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Art we walk on

Rugs have always been considered as a form of art, even though their role is practical and even prosaic—we walk on them, after all—and we’re all familiar with traditional murals painted on walls, whether interior or exterior. In Rochester, rugs go beyond textiles on the floor and paintings on the walks with a stunning “flooral”—a design painted on the pavement at Ridge Road over Route 104 that is part of the El Camino: Butterhole-Seneca Park Trail.

El Camino is a two-and-a-quarter-mile “multiuse pedestrian greenway” of linear stone dust and pavement adapted from an old railroad line that goes from Mill Street in High Falls to the Seneca Park pedestrian bridge. It connects the neighborhoods between Collingwood Drive and Scrantom Street and travels along Conkey Avenue to the Genesee River, providing an off-road connection for residents and visitors and access to Conkey Corner Park, Seneca Park, the Genesee Riverway Trail, the Avenue D Recreation Center, and Buena Vista, an Ibero-American Senior Center. A gap crosses the Genesee River over a trestle and connects to High Falls and a proposed GardenAerial project.

Plans for El Camino began in 2002 as a project led by Genesee Land Trust board member Tom Frey. It was finished in 2012 at about $1.5 million and opened in 2014.

Most of the artwork along the trail “should be by us,” says WallTherapy’s Erich Lehman, as part of an annual public street art show that it hosts.

The rug is a WallTherapy public art project that took the mural concept a few steps, so to speak, beyond the usual, thanks to Jessie Unterhalter and Katey Truhn, a Baltimore, Maryland-based artist team who, according to their website, “[strive] to transform public spaces into playful and vibrant experiences.” The 200-foot rug was one of the artists’ first such projects, as well as one of the early WallTherapy elements of the trail. “This was right at the beginning of when they were just starting to paint on the ground, if I recall correctly—it was definitely pretty early on (for both the trail and the artists); maybe their third ground piece,” Lehman says.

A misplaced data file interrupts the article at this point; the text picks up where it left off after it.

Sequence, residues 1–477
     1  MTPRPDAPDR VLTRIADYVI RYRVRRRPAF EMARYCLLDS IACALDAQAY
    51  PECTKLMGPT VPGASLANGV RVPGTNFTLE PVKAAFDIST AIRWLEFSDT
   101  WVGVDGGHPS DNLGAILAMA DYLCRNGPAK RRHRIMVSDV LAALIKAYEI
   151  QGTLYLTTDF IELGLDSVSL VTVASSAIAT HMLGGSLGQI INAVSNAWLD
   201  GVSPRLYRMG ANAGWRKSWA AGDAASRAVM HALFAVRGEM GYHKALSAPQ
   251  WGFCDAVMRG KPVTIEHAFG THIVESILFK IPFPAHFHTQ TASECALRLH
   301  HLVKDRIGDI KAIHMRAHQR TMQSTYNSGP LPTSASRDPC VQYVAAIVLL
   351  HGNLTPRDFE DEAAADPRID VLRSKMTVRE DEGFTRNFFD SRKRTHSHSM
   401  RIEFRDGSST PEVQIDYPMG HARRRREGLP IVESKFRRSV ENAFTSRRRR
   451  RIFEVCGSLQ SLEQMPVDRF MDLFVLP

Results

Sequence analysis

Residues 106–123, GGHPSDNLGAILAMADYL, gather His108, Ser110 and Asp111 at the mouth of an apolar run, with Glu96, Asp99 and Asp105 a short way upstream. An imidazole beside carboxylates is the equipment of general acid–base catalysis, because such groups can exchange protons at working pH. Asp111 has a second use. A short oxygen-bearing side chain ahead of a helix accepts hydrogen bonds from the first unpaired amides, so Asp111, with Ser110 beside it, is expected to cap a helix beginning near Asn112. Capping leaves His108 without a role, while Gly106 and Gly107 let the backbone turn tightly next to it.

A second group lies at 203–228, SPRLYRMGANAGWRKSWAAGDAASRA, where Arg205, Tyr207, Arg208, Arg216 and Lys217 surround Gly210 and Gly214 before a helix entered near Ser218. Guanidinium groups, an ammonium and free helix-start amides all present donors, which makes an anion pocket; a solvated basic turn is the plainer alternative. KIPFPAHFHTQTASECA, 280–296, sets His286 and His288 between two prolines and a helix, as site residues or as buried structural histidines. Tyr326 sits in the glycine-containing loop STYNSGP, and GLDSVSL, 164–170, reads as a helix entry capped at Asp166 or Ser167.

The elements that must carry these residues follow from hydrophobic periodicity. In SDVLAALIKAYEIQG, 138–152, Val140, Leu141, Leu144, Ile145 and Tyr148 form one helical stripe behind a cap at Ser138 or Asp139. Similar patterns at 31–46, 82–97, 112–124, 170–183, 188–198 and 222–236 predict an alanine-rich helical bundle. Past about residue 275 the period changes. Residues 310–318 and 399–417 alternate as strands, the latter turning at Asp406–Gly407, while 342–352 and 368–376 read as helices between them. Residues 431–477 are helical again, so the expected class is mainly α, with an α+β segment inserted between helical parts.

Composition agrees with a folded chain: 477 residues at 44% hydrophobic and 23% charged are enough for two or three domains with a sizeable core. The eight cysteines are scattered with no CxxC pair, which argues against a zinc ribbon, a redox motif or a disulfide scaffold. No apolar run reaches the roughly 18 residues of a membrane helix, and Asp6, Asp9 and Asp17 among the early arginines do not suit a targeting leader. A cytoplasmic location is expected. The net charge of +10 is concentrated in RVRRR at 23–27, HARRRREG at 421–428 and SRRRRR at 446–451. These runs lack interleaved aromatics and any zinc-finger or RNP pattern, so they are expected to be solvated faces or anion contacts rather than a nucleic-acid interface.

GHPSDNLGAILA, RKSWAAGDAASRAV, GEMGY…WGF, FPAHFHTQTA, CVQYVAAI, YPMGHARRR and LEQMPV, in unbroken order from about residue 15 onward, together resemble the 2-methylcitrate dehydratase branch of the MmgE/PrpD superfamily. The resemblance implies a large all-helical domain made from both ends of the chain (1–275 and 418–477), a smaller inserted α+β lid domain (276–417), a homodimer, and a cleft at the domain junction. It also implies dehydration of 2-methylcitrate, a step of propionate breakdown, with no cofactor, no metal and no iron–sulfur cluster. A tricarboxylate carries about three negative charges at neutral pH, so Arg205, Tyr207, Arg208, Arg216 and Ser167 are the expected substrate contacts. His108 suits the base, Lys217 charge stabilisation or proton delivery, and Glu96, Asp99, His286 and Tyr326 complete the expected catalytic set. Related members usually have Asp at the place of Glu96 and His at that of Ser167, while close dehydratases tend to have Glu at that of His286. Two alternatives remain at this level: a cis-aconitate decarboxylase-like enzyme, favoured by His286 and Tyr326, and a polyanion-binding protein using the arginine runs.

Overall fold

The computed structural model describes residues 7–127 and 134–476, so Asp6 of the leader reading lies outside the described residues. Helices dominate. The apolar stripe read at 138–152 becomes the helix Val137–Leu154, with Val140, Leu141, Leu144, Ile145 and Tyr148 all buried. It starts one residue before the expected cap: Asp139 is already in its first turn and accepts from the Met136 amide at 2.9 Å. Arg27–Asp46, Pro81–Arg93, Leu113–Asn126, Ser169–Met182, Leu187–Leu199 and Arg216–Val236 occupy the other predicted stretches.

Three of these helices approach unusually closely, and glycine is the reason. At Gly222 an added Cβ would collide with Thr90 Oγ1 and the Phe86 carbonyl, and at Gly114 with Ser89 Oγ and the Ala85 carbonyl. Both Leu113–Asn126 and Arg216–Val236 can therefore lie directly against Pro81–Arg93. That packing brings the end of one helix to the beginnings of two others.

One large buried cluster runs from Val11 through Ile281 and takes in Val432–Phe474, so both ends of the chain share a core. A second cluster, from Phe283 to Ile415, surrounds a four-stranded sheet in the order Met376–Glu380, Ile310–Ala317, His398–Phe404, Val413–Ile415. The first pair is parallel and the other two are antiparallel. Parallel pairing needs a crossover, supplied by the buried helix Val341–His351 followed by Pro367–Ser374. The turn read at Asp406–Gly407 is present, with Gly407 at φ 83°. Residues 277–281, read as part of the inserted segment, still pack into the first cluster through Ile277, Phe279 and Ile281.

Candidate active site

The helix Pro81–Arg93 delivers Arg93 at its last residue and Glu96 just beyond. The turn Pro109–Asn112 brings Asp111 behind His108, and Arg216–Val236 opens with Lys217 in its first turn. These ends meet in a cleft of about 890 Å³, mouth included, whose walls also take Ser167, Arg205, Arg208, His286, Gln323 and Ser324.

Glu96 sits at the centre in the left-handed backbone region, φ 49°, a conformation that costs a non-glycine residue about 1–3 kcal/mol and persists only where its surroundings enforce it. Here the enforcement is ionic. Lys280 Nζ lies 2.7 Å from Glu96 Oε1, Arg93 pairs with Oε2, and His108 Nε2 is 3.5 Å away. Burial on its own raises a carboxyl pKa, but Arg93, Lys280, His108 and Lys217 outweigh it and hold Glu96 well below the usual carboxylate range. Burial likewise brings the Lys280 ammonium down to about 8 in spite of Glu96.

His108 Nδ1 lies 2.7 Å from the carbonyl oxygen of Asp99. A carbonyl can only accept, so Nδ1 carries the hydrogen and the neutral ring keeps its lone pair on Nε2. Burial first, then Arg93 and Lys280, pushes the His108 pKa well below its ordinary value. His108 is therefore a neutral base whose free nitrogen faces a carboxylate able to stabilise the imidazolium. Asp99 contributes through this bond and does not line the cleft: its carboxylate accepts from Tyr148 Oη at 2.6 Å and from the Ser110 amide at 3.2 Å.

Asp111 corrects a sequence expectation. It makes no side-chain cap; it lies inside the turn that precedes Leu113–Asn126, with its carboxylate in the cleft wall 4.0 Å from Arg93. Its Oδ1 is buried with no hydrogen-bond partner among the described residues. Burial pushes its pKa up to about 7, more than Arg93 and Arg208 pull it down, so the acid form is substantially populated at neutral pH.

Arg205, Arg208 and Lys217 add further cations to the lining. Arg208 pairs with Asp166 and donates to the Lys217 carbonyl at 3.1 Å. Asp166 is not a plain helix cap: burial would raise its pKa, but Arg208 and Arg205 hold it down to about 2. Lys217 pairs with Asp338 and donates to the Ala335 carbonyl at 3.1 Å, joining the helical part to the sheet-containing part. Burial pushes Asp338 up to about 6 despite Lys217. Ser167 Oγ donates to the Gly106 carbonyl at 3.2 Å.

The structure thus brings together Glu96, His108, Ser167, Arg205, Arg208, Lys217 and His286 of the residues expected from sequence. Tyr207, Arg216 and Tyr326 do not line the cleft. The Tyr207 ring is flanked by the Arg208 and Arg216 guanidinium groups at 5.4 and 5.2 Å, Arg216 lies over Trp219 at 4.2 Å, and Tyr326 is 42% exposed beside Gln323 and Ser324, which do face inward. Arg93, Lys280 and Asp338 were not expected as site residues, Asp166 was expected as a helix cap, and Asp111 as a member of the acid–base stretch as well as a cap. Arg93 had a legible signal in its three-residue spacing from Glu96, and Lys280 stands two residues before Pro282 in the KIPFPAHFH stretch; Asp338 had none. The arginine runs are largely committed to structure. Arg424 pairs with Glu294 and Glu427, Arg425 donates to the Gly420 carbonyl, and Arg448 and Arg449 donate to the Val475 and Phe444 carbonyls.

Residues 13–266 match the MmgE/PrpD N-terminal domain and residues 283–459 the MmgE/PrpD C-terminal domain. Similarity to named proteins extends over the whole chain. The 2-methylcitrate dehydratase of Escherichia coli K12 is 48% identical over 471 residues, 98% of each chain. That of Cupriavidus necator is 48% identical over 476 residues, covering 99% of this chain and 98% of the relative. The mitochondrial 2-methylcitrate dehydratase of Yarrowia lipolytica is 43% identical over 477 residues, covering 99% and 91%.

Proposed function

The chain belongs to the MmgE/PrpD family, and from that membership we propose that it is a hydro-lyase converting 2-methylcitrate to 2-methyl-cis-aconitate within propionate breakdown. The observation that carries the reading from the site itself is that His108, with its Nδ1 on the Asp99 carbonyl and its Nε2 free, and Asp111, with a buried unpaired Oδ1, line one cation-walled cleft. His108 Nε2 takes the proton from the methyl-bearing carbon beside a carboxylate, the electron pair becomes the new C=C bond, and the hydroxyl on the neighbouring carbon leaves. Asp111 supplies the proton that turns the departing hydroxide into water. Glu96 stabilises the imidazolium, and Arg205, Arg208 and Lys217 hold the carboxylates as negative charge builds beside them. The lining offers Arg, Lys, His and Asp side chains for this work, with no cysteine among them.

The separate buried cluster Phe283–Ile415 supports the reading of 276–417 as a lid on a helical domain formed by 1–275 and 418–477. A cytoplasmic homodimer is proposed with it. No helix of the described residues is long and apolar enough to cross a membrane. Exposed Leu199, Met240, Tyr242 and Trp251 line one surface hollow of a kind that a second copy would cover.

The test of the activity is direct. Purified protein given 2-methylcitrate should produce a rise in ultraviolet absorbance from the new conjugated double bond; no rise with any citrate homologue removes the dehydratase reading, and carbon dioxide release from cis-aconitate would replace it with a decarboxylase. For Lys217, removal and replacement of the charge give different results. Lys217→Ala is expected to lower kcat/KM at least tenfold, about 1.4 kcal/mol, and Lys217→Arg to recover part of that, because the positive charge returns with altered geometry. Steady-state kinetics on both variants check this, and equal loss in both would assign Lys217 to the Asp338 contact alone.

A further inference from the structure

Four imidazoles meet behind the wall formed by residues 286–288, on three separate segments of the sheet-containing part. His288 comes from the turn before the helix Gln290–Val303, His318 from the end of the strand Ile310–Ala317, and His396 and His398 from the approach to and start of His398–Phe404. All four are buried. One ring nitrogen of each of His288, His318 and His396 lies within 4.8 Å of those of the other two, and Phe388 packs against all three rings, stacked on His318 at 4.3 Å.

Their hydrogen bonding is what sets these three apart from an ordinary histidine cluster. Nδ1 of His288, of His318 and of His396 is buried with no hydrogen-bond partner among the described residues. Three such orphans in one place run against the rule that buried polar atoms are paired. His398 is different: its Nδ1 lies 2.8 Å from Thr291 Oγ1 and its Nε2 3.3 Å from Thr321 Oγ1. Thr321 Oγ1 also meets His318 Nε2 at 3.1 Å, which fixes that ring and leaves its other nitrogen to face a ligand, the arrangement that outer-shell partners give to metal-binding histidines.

Their 2013 contribution to the artwork on the trail, and the city’s public artwork canvas as a whole, remains “one of our favorite murals,” says Lorna Wright, director of conservation programs at the Genesee Land Trust, which provided some of the funding for creation of the trail, along with other support. Funders include the City of Rochester and the Federal Highway Administration, New York State Department of State, New York State Department of Transportation, and Eastman Kodak Company via the Nature Conservancy.

Underhalter and Truhn came to the attention of WallTherapy through its usual process, Lehman says: He and founder Ian Wilson “generally find artists through people we know recommending other artists. We are aficionados of street art and often find artists via Instagram or reaching out to people who are doing interesting things.”

Wilson and Lehman have done the WallTherapy’s public outdoor art festival every year since it began in 2011 and took it to Berlin, Germany, in 2016. The first year, “we did twenty-nine murals that week,” Lehman recalls with a laugh. “Now we average six to fifteen artists for the festival,” which is held the last week of July.

Participating artists get paid even though WallTherapy is a “hundred-percent volunteer organization,” Lehman says; it’s funded through crowdsourcing—“which is hard”—and private donations, including Sherwin-Williams providing the specialty paint as a sponsor. “If there’s a gap, it comes out of our pockets.”

The Sherwin-Williams paint is weather-resistant and requires minimal maintenance. “We do some touch ups of what we can fix,” Lehman says. “There’s been very little vandalism” of the various art elements of the trail.

The purpose of the WallTherapy public art project is “simple,” Lehman says. “One of our goals is to provide arts education. People in the neighborhoods along the trails don’t see nature often. Our projects explain nature and help people understand and appreciate it.”


Rochester native and award-winning freelance writer/editor Ruth E. Thaler-Carter ( recently relocated to St. Louis, Missouri, but continues to stay in touch with her hometown. She received a Big Pencil Award from Writers & Books for inspiring and contributing to the “advancement, creation, and understanding of literature in the Rochester community” and will be a speaker at WAB’s second annual Ladder literary conference here in June 2019.

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